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Op-Ed Explains How New Interpretation of the ESA Threatens its Reach

Conservation, or Curation? 

Originally published in the New York Times – August 20, 2014

THE United States Fish and Wildlife Service — the main agency for the conservation of species — recently announced a new interpretation of the Endangered Species Act that severely limits its reach and retreats from the conservation ethic that healthy landscapes depend on native plants and animals.

The law says that a species qualifies for protection if it is in danger of extinction “throughout all or a significant portion of its range.” A species does not need to be at risk of extinction everywhere it lives if it is endangered in a significant portion of its range. But what is “significant”? And how is “range” defined?

Now, under a policy that took effect July 31, the agency has provided answers. The law’s protections, for practical purposes, will be applied only if a species is at risk of extinction in a vital (read, significant) portion of its range where its loss would put the entire species at risk of extinction. And the concept of range no longer takes into account its historical distribution but defines the concept in terms of where the species is found now.

This means that as long as a small, geographically isolated population remains viable, it won’t matter if the animal or plant in question has disappeared across the vast swath of its former habitat. It won’t qualify for protection.

This interpretation threatens to reduce the Endangered Species Act to a mechanism that merely preserves representatives of a species, like curating rare pieces in a museum. Also likely to suffer are efforts to protect or repopulate areas where endangered species once lived.

Imagine if this new approach had been in place when the bald eagle was being considered for protection in the 1970s. Arguably, the national bird might never have been listed as endangered in most of the lower 48 states, even though it had virtually been extirpated by illegal hunting and the pesticide DDT. Why? Because a healthy population of bald eagles remained in Alaska and Canada.

Today, the return of the bald eagle is one of the great successes of the Endangered Species Act. The bird is flourishing in the very areas where it had been wiped out and reasserting its position in the ecological order that was disrupted by its absence. This was accomplished in part by using the authority in the law to protect nesting sites and summer and winter roost sites and to reintroduce the bird into its historical range.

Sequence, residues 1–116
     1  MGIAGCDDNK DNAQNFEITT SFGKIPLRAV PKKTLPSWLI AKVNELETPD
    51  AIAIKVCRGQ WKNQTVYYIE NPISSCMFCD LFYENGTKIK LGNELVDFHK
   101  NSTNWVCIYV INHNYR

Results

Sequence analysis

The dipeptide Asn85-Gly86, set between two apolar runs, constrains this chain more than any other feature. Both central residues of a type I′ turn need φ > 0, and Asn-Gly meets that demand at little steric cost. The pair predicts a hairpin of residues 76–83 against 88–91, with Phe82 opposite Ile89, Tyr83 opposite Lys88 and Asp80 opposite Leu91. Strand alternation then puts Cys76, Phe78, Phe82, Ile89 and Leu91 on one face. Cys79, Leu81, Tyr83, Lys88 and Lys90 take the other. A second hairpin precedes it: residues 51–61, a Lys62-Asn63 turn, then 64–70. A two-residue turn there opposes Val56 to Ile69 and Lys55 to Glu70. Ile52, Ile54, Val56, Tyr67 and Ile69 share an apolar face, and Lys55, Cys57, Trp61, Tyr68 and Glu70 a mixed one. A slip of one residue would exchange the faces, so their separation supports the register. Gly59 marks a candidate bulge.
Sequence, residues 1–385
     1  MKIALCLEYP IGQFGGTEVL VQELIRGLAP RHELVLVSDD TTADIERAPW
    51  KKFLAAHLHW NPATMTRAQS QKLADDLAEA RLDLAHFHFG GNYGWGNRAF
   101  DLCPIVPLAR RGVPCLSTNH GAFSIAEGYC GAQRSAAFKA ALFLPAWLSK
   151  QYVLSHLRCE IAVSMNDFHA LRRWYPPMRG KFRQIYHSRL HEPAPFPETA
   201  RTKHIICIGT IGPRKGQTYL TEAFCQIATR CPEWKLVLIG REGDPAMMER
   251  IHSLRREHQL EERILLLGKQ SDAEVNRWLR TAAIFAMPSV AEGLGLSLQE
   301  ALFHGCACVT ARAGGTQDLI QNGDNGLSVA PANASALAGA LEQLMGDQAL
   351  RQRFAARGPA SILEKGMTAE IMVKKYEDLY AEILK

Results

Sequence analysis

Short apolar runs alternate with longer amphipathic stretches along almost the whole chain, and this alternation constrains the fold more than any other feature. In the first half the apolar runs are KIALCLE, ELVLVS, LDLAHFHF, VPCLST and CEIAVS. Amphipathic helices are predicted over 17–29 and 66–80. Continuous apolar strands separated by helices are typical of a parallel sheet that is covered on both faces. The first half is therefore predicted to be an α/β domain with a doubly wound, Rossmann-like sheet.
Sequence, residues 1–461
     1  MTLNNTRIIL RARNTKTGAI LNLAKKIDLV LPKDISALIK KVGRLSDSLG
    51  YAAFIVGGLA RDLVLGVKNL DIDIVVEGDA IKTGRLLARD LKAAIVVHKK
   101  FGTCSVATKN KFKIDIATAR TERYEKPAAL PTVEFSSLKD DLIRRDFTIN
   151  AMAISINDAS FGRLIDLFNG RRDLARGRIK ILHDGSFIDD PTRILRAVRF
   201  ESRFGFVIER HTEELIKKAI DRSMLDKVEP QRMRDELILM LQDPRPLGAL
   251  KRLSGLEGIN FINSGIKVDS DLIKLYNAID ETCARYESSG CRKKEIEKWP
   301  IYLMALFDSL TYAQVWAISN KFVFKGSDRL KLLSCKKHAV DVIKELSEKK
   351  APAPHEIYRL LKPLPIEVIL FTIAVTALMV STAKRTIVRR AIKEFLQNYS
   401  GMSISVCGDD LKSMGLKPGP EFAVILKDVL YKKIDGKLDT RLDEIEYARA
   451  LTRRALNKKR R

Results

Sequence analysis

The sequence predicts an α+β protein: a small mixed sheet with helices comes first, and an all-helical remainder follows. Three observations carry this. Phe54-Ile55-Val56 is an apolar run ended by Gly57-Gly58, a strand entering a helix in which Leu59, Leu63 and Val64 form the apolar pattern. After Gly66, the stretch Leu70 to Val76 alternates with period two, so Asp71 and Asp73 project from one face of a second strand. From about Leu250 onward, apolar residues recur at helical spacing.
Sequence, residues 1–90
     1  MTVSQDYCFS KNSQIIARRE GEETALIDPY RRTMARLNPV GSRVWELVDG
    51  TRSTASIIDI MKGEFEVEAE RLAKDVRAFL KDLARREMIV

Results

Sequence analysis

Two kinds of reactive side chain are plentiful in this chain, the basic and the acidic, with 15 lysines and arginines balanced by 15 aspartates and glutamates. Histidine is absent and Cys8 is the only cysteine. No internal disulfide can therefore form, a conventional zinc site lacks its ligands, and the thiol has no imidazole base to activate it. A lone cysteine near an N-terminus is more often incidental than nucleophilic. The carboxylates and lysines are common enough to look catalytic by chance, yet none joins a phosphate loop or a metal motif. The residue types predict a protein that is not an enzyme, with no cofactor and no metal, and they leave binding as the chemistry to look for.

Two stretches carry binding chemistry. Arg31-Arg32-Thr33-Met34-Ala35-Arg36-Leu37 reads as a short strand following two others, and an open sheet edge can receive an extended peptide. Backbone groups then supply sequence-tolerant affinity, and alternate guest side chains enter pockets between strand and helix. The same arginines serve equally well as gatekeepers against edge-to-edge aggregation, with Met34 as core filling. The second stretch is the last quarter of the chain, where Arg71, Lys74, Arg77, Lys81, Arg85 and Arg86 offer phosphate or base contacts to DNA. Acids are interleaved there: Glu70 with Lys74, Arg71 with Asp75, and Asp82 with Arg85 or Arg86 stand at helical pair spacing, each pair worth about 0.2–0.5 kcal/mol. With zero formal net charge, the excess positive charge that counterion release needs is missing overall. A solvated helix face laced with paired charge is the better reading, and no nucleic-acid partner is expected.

(The Fish and Wildlife Service says it still would have protected the bald eagle under this new interpretation. Nevertheless, a case could have been made to withhold the law’s safeguards once the bird was no longer at risk of extinction outright.)

More recently, other threatened animals haven’t been so lucky.

In cases involving the gray wolf, wolverine and swift fox, the agency, employing the logic of this new policy to guide it, decided or proposed to remove or withhold protections for those animals after concluding there was no risk that they would go extinct. Never mind that they had vanished from much of the territory they once inhabited. (The gray wolf, which is in the administrative process of losing its protection under the law, had been lost from 85 percent of its range but securely inhabits the last 15 percent.) The agency reasoned that there were enough of these animals left in their much-diminished range to survive.

Several years ago, the Fish and Wildlife Service and a sister agency, the National Marine Fisheries Service, began developing a uniform policy for interpreting that key phrase in the Endangered Species Act — the line that says that a species must be at risk “throughout all or a significant portion of its range” to qualify for protection. Uncertainty over the meaning of that phrase and government decisions based on varying interpretations had led to controversy and litigation.

The two agencies call their reading of the law a “reasonable interpretation,” although they acknowledge that “there is no single best interpretation.” In fact, their reading is especially narrow and possibly contrary to Congress’s intent when it passed one of the nation’s most important conservation laws. A more appropriate interpretation of range would be those portions of a species’ historical distribution that are suitable, or that can feasibly be made suitable, by mitigating or removing the threats that had caused the species’ decline.

If the purpose of conservation is merely to preserve the fewest possible members of a species, then this new policy might be adequate. But this approach amounts to a retreat from two conservation aspirations that had long animated the law: first, to mitigate harms that humans had perpetrated against certain species, such as severely reducing their geographic range; and second, to make it possible for species to return to landscapes where they had been extirpated. The idea was that healthy ecosystems depend on the presence of native species.

Since taking effect in 1973, the law has been instrumental in saving many species from extinction, including the California condor, American crocodile, whooping crane and black-footed ferret. Some 1,400 plants, animals and fish are now on the list.

This new approach does not mean that endangered species won’t still be saved. But it falls far short of the conservation aspirations the law once embodied. This new policy will result in a world for our children even more diminished than the one we live in.

John A. Vucetich is an ecologist at Michigan Technological University. Michael Paul Nelson is an environmental ethicist at Oregon State University.